On Oct. 16, the Bureau of Labor Statistics announced yet another piece of good news: the number of job openings has risen to more than 7.1 million, continuing a particularly rapid pace of expansion starting at the beginning of 2018.
However a critical measure of economic progress, wage growth, is telling a different story. Before adjusting for inflation, wage growth has been consistently low but positive during this business cycle.
Yet, as inflation has crept up in the last two years, real wage growth — pay increases after adjusting for inflation — has drifted toward zero. Although the annual rate of real wage growth was 1.4 percent in 2015-16, it has been just 0.4 percent in 2017-18.
This weak wage growth has occurred while labor markets strengthened in a variety of other ways. Nine years ago, the United States exited its last recession — the most severe in post-war history — as GDP resumed growth.
Then, in April 2010, the U.S. began an unprecedented run of job creation that continues through the present day. The unemployment rate has since fallen to 3.7 percent in September 2018 from a peak of 10.0 percent.
More recently, other economic indicators have begun to show strength as well:
The labor force participation rate of prime-age workers (ages 25-54) — which had been falling — has risen for the last three years;
this summer, the rate of people working part-time who have been unable to find full-time work fell to its pre-recession level; and
record numbers of Americans have a positive assessment of the nation’s economy.
This raises the question: If the labor market is showing signs of strength and Americans are feeling confident in our economy, why is wage growth so slow that there is nearly zero growth in wages after adjusting for inflation? In response, we have identified four plausible explanations which, in some instances, may potentially overlap.
Labor markets may be weaker than they appear. The prime-age (25-54) labor force participation rate is still more than 2 percentage points below its 1999 peak. Some of those out of the labor force may be available for employment, thereby helping hold down wage growth.
The share of prime-age workers that are employed has been a better predictor of wage growth than the unemployment rate recently.
On the other hand, whether this relationship is durable is less clear, and a large portion of nonparticipants are unable to work due to health conditions or caregiving responsibilities, and may not be available for employment.
Increasing employer concentration, and in some cases collusion between employers, has likely put downward pressure on wages by limiting worker bargaining power. Firms may be unwilling to raise wages to attract new workers, as this would require them to pay their current employees more.
However, it may also be that firms simply have not yet adapted to the tighter labor market of recent years and are only slowly raising wages.
Changes in labor market institutions have similarly reduced worker bargaining power, making it more difficult for them to benefit from a strong labor market. Limited collective bargaining and widespread use of no-poaching and non-compete agreements have diminished workers’ leverage in wage negotiations.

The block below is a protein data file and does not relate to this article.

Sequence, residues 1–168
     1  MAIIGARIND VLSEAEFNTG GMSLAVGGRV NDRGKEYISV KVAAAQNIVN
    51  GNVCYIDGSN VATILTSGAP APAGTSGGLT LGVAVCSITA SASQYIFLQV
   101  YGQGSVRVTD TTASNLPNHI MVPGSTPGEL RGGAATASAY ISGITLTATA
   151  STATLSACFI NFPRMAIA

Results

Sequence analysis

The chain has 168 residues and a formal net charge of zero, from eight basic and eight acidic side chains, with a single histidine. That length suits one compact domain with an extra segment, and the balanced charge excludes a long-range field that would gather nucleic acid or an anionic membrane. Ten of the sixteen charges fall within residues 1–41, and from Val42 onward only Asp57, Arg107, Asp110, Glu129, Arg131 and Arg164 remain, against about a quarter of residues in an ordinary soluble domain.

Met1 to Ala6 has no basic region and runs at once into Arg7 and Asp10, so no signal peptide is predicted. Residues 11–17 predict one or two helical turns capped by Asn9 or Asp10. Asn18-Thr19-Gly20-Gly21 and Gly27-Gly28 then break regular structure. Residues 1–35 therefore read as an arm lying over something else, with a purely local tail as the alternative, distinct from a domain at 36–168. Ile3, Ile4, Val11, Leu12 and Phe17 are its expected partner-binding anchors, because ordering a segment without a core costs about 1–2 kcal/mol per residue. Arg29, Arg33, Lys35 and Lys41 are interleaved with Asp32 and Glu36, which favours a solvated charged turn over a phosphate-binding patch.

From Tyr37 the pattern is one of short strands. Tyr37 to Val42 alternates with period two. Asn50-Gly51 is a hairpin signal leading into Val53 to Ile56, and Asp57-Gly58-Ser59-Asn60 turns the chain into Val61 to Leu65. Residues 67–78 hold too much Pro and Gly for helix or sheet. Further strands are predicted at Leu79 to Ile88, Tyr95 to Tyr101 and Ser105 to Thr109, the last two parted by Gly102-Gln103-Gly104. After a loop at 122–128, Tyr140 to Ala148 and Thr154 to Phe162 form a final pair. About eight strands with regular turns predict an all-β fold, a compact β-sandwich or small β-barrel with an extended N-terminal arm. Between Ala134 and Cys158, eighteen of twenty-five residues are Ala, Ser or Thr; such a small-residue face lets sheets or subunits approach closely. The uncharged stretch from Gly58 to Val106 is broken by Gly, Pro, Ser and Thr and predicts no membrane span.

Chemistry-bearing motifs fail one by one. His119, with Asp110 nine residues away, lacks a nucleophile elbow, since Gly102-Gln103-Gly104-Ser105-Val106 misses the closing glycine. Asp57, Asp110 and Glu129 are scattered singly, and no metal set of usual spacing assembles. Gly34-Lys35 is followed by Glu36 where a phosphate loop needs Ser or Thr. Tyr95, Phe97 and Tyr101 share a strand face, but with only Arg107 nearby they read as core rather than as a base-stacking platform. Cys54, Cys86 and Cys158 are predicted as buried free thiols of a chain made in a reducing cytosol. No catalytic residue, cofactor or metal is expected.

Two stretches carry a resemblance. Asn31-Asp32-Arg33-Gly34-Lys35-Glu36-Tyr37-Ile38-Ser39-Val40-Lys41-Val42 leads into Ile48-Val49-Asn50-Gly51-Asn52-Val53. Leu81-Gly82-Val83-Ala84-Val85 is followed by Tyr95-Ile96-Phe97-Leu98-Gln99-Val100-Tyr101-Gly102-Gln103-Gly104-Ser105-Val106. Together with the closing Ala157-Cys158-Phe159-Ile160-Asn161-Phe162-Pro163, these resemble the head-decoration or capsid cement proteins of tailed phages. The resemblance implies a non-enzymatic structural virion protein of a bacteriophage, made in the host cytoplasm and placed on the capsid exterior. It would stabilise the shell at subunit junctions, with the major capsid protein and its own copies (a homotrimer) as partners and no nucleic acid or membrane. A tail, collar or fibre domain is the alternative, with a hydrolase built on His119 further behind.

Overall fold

But just how much of recent wage growth slowdown (as opposed to longer-term trends) this explains is unclear.
The growth in productivity for workers and businesses has been low on average since the start of the recession. Lower productivity growth tends to hold back wage growth. Business and labor market dynamism have weakened, leading to an economy with mutually reinforcing low productivity growth and low wage growth.
Without fast-growing business startups and an abundance of upwardly mobile job-switchers, technological progress diffuses across the economy at a slower rate. This also means that fewer new firms are paying high wages to hire away workers from their current positions.
In some ways, the strong jobs and hours growth may help explain optimism despite low wage growth. Real median household income has continued to rise as more people are working more hours. This puts money in their pockets and likely boosts confidence even if workers are not earning more per hour.
As recent data indicate, a low unemployment rate does not mean the labor market is in perfect condition, and each of the explanations discussed above merit policy attention. Policymakers should supportmarketcompetition so that productivity growth translates into wage growth.
Finally, it will also be important to keep economic growth going to maintain labor market demand so that both employment — and eventually wages — continue to increase.
Jay Shambaugh is the director of The Hamilton Project and a senior fellow in Economic Studies at the Brookings Institution. He previously served as a member of the White House Council of Economic Advisers. Ryan Nunn is the policy director of The Hamilton Project and a fellow in Economic Studies at the Brookings Institution. He previously worked at the U.S. Department of the Treasury in the Office of Economic Policy.